It was all good about two months ago for New Jersey braiders after legislators approved a bill making it legal to braid natural hair without licensing.
Gov. Phil Murphy, however, vetoed the bill on Monday which had received bipartisan approval from both the New Jersey Assembly and Senate.
That means braiders can still be arrested for braiding hair unless they are licensed cosmetologists — which requires at least 1,200 hours of training, can cost upwards of $17,000 in tuition, and teaches little to nothing about actual braiding.
In a 25-page veto letter, Gov. Murphy acknowledged the current licensing requirements as excessive; however, he suggested a different option requiring braiders complete 40-50 hours of training.
In the letter, he wrote:
“Those who operate without a license are exposed to legal risk, and those who could otherwise be productively employed as hair braiders who choose not to operate forego a readily available source of income for themselves and their families. In order to create a stronger and fairer New Jersey, it is important to remove or reduce barriers to economic opportunity. At the same time, it is important to balance opening economic opportunity with maintaining consumer protections. Just as those who provide hair braiding services are primarily African-American women and African- and Caribbean-immigrant women, the primary consumers who utilize hair braiding services are African-American women and African- and Caribbean-immigrant women. I want to ensure that, by rolling back regulatory requirements for hair braiders, we do not expose those who use hair braiding services to harm.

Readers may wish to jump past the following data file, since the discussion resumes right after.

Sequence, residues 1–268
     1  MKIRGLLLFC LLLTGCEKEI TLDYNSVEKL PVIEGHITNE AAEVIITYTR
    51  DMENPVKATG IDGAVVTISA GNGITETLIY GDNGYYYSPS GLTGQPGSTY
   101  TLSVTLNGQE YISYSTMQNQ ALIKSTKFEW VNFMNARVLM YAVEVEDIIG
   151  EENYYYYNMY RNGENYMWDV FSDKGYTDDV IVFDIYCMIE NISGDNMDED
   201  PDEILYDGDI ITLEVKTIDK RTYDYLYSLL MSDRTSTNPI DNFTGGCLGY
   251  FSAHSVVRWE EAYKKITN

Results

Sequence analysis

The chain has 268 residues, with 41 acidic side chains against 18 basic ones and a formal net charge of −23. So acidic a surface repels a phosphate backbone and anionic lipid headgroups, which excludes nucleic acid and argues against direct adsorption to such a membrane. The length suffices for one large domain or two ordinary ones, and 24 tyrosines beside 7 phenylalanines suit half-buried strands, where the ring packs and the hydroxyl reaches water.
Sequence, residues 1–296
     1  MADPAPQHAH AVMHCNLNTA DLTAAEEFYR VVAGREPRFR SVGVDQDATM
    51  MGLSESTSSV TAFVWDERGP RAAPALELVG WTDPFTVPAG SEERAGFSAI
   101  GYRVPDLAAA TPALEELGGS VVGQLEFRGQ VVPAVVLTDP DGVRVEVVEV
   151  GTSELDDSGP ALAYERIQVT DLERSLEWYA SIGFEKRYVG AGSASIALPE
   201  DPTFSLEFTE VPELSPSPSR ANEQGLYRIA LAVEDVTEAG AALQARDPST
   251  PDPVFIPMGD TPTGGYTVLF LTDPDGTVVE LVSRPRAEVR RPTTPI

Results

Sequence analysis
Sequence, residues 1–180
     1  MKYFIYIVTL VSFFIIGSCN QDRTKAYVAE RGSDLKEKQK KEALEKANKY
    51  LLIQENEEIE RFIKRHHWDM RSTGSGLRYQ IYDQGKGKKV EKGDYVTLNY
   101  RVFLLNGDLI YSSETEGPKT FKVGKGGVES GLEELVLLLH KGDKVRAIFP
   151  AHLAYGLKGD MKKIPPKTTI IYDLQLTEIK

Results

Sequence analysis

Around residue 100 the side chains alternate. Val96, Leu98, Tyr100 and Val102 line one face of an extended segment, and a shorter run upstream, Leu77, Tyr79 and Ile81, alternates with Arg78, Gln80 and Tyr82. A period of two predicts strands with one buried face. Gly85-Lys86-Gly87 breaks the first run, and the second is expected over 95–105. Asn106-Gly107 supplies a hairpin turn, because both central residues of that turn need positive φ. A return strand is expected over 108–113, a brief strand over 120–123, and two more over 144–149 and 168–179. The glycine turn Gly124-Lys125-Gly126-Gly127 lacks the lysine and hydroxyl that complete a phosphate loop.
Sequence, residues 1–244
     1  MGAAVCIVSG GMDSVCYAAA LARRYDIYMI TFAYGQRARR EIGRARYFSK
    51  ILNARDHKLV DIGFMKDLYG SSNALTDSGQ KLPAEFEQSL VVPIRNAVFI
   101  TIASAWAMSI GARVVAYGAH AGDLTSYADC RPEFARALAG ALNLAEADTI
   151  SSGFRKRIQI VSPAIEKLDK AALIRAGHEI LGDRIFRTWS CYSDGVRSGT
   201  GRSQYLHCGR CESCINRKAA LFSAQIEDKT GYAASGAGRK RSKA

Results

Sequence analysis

Under the governor’s new proposal, braiders would also be required to be licensed for at least three years before running their own shops.
The Institute for Justice, which has helped braiders in 14 different states reduce or remove licensing requirements, said the new proposal is still harsh. In a press statement, they said the changes would force braiders with existing shops to shut down their shops or partner with licensed cosmetologists.
“By vetoing this bill, the governor is stifling upward mobility for hundreds of immigrants and women of color,” said Brooke Fallon, assistant director of activism at the Institute for Justice. “Over 100 braiders have spoken out against New Jersey’s licensing law at community events, town halls, and rallies, even if making their voices heard could open themselves up to prosecution. We are determined to keep fighting for their right to economic liberty and are calling on the Legislature to override the governor’s veto. Braiders deserve much better.”
Braiding and licensing continues to be a hot button topic, with 25 states already moving to reduce or remove restrictions. However, it does not look like New Jersey will become the 26th state anytime soon. There is no word yet, on when or if a new bill will be submitted. Until then, braiders in the state are back at square one in the debate.